Heartwarming / Horrible Histories

  • The Frightful First World War being dedicated to Private John Condon, who was the youngest British soldier to die in the First World War, at fourteen years old.
  • The Horrible Christmas episode's sketch about the Germany/England football match on Christmas day.
    English Soldier: Great game, mate!
    German Soldier: Ja, ja! You want to change the shirts?
    English Soldier: That might not be such a good idea, under the circumstances.
    German Soldier: Aha! Hey, you a funny guy.
    English Soldier:: You're okay, too, chum. Happy Christmas.
    German Soldier: Happy Christmas!
    *they shake hands*
  • The Historical Dating Service sketch featuring the infant Mary Queen of Scots... as played by Mathew Baynton's own infant son, wearing a tiara and sitting in his father's lap.
  • Weaving in audio from one of Winston Churchill 's speeches at the end of the RAF Pilots song is weirdly heartwarming considering the actual song.
    • Also the fact that this song says "Some of the bravest men were Polish and Czech", giving a Shout-Out to some of the other nationalities that helped win the Battle of Britain.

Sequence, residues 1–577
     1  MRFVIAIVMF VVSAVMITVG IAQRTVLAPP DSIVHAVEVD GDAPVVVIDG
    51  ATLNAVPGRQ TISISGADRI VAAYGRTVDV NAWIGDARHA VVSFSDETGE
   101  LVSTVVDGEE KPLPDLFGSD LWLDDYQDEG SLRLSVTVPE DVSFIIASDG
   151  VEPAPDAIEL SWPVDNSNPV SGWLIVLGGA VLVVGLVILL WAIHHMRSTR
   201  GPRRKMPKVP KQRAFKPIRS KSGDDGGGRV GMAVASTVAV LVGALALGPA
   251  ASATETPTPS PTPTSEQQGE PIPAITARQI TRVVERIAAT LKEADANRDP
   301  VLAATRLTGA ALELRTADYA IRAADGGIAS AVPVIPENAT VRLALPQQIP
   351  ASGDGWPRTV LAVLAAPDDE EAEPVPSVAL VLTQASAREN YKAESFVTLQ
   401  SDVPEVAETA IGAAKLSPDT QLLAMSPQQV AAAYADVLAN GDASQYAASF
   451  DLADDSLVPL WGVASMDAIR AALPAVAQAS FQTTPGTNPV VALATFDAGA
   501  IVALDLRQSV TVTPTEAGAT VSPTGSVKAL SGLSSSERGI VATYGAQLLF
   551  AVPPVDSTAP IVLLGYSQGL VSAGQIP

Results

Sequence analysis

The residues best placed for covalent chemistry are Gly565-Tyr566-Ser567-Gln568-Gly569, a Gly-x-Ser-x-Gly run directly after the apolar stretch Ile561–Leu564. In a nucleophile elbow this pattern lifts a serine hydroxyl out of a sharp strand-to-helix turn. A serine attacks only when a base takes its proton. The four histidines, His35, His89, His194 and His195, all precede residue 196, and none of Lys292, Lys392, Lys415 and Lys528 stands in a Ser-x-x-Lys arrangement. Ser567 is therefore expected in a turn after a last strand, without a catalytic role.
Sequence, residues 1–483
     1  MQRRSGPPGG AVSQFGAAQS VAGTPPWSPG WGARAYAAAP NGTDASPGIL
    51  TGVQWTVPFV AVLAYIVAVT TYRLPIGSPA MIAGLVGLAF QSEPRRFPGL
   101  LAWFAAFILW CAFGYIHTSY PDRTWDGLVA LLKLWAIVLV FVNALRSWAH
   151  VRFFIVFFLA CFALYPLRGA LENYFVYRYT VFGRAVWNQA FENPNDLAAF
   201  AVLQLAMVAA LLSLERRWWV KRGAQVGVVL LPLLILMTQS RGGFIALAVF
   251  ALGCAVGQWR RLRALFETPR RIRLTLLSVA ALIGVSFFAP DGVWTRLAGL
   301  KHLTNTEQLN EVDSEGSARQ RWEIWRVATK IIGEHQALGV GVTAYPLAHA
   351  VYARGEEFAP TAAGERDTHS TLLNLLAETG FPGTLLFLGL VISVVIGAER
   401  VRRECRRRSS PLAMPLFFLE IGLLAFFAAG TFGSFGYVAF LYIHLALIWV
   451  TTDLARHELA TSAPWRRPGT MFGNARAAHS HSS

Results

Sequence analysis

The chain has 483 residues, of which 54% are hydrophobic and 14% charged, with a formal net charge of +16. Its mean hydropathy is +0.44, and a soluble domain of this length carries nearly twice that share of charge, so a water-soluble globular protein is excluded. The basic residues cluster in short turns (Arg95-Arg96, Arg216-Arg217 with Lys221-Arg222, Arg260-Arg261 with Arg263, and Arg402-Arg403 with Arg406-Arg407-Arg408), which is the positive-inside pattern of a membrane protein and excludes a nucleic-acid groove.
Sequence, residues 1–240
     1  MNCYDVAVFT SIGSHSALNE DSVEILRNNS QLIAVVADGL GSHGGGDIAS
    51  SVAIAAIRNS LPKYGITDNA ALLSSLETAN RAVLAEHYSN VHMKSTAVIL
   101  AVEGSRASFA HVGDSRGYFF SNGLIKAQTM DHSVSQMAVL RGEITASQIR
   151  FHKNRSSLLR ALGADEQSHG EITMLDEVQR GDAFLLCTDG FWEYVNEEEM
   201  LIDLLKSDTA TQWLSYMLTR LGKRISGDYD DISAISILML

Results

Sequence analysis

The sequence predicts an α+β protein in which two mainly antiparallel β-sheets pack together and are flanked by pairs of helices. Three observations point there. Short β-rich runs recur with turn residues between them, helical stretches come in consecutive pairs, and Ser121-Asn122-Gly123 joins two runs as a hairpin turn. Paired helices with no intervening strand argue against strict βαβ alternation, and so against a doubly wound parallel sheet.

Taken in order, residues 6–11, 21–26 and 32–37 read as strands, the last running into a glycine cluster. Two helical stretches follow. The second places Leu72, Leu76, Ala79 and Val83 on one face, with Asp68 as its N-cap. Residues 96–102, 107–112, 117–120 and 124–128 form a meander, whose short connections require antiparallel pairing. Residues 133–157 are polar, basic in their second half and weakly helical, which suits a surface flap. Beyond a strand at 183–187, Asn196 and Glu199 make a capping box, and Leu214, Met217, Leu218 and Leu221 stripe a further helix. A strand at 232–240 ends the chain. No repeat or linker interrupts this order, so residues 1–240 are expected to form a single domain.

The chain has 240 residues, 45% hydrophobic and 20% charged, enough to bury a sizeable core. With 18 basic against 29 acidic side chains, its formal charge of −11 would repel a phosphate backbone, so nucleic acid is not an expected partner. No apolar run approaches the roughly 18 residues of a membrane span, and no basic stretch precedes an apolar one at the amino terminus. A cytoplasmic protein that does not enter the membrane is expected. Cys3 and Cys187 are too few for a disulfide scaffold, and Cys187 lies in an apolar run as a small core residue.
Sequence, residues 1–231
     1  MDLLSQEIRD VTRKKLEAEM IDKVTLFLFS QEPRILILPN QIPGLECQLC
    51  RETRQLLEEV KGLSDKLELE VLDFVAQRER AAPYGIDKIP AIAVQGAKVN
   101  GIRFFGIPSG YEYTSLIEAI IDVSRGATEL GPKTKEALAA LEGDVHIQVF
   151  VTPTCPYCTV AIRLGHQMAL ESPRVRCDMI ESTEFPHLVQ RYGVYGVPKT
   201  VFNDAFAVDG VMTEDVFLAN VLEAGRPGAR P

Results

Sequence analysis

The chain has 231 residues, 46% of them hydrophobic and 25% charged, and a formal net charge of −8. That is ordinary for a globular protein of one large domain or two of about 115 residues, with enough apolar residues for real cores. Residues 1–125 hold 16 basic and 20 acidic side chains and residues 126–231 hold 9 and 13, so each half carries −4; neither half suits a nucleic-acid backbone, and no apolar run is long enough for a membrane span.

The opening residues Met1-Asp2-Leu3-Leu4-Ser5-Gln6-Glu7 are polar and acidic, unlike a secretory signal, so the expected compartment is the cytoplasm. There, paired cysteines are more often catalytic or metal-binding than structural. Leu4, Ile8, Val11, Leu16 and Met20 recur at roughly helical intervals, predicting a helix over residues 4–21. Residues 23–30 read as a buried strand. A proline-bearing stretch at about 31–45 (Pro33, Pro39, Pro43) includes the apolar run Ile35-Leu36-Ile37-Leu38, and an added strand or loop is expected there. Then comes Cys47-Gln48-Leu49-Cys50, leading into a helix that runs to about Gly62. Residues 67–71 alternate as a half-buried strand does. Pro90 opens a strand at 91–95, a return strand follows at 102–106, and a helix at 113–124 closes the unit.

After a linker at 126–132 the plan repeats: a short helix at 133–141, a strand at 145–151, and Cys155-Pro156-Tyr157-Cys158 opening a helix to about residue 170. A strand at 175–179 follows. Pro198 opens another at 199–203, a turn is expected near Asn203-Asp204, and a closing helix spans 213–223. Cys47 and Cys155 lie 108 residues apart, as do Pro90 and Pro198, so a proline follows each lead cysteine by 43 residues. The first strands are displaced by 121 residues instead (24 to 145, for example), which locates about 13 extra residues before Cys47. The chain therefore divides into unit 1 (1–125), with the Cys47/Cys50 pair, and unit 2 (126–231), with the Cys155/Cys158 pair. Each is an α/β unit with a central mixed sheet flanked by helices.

• The love ballad of Queen Victoria and Prince Albert. After so many tales of royals marrying for power and money, it's nice to hear about a couple who really did care about each other.
  • Their sketch about James Hind manages to qualify. Hind was a royalist highwayman who refused to steal from fellow royalists, and in fact gave them money. The royalist couple's pleasant surprise never fails to make one smile.
  • Rosa Parks's song "I Sat on a Bus"; not only is it a great, uplifting ensemble piece, but it ends with a subtitle saying 'The Civil Rights Movement went on to end all segregation in America.'
  • The "Viking Land" Simon & Garfunkel parody song. Hearing about the peaceful things Vikings did to Britain for a change is very nice.
  • The series finale. (Warning: also counts as an epic Tear Jerker for fans of the show). "We're history... and we made it Horrible!"
    • In the final scene, the two Greek characters embrace each other as a sign of showing that they do care. Also, the two soldiers look at each other, knowing that they did well.